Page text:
I confront the realities of anxiety and depression every day, both personally and pastorally.

That is not to say I have some clinical diagnosis of these conditions myself. Nor am I an expert or even in any way well versed in the field of mental health or caring for those with clinically diagnosed conditions. It's just a confession of my growing awareness of my own inner world and the deep, dark struggles that so many people face each day because of the thoughts and feelings that overwhelm them.

I have a bent toward melancholy. I always have. Sadness is far more accessible than happiness to me. I see the brokenness in everything. My natural interpretive filter is to identify what is lacking. I'm overly competitive and Betsy always laughs about how I don't even enjoy winning, I just hate losing. She's not wrong.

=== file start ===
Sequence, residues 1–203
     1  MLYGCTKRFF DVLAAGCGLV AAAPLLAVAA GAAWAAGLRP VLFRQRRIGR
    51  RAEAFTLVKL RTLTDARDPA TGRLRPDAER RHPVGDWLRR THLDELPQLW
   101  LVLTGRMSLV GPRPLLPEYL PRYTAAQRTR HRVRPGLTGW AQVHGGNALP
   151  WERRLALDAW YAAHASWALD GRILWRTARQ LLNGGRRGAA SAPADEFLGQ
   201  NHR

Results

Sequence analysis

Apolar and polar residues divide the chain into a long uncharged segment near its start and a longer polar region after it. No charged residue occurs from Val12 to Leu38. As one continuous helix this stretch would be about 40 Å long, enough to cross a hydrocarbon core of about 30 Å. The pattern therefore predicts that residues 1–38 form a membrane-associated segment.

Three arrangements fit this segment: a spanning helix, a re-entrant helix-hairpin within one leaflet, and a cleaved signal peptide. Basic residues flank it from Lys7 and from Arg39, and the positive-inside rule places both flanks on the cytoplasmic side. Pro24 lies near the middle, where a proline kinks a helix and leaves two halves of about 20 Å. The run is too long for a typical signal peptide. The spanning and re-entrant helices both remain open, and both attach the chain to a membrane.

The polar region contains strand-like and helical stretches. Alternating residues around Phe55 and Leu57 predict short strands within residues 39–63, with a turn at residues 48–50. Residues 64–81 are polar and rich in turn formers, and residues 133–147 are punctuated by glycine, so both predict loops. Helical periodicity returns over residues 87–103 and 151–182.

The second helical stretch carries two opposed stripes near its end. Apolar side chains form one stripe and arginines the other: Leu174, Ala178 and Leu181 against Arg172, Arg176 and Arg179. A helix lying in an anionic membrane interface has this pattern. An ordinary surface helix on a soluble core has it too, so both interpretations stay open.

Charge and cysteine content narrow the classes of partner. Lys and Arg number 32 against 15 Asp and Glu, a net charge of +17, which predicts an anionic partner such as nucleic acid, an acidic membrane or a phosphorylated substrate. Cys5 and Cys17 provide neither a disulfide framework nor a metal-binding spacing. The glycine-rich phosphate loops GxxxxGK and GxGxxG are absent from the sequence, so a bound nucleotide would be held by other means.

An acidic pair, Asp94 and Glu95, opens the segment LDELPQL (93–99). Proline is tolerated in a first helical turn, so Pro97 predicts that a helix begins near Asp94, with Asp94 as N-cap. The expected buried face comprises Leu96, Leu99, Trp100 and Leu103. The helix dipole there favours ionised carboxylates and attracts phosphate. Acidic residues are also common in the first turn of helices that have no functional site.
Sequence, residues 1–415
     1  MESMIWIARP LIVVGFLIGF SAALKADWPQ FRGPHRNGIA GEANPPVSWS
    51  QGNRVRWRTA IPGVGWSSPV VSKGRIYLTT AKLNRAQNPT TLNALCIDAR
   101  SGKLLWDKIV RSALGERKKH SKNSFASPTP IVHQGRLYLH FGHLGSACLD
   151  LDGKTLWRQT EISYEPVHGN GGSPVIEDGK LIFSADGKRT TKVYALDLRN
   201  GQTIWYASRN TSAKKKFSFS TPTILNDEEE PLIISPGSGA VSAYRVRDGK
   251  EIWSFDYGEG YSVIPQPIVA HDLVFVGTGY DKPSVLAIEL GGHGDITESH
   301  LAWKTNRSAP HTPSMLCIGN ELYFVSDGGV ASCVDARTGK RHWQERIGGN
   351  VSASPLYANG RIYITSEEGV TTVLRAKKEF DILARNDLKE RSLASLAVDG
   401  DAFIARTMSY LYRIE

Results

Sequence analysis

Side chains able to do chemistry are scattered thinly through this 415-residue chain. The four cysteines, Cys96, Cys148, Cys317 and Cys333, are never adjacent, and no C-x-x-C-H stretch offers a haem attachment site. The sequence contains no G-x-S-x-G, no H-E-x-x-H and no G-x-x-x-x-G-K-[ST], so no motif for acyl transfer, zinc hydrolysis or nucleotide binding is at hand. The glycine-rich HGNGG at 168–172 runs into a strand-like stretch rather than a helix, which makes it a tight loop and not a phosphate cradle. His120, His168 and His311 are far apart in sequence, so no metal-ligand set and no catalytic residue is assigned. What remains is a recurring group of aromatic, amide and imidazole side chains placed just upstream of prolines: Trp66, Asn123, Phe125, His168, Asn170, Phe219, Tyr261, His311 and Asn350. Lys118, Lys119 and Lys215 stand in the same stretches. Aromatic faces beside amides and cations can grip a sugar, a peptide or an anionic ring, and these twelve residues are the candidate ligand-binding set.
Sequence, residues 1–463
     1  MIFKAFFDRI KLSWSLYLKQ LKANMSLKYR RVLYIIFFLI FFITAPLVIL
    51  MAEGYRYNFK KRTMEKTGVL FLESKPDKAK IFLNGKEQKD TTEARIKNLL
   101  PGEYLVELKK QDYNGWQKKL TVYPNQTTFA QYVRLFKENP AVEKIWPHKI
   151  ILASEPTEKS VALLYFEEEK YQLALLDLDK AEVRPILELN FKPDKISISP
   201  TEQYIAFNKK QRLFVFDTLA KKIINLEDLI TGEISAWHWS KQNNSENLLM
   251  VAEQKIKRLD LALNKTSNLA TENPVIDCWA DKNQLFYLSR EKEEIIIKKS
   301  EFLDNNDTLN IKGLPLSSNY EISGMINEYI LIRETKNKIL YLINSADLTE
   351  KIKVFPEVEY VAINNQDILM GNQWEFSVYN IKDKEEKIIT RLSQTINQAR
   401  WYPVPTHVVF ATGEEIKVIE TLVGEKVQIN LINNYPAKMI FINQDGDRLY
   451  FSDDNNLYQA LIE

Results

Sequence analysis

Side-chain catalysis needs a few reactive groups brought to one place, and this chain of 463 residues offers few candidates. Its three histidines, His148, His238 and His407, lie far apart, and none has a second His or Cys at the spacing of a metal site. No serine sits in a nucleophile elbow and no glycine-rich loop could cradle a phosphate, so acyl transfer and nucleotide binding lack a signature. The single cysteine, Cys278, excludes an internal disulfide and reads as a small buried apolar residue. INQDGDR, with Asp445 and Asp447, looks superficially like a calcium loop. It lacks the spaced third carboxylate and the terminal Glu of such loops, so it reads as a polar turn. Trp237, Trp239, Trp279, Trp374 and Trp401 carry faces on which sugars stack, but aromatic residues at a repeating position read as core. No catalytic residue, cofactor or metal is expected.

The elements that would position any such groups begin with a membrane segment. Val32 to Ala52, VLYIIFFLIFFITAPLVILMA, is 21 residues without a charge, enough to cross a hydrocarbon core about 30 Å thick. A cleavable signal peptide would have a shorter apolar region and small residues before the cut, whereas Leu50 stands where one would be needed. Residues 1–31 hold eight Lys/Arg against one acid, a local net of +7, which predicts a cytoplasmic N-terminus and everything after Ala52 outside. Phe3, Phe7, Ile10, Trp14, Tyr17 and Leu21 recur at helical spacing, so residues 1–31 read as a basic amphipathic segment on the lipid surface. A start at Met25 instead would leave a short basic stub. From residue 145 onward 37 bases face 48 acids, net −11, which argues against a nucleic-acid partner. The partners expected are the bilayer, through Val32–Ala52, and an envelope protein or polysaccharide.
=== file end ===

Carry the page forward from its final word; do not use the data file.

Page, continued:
This disposition like repellant to joy. Just as soon as you find something beautiful, fun, satisfying or thrilling, your thoughts start to identify what is missing, still needed, deficient or the doom around the corner. Contentment is very elusive in my soul. That's not unique to me and I don't even necessarily believe it's inordinately strong in me. The more I get to know myself and others, the more I see this thread running through the interiority of humanity, just to varying degrees.

This is why gratitude and joy are difficult to sustain, because we're naturally given to a thoughtless and effortless identification with the discordant realities of our world, the things that don't fit, don't reconcile, don't resolve, and don't relent. For some of us, there is a dibilitating degree to which these things swirl in our hearts and minds. They rule our lives in a deeply discouraging way.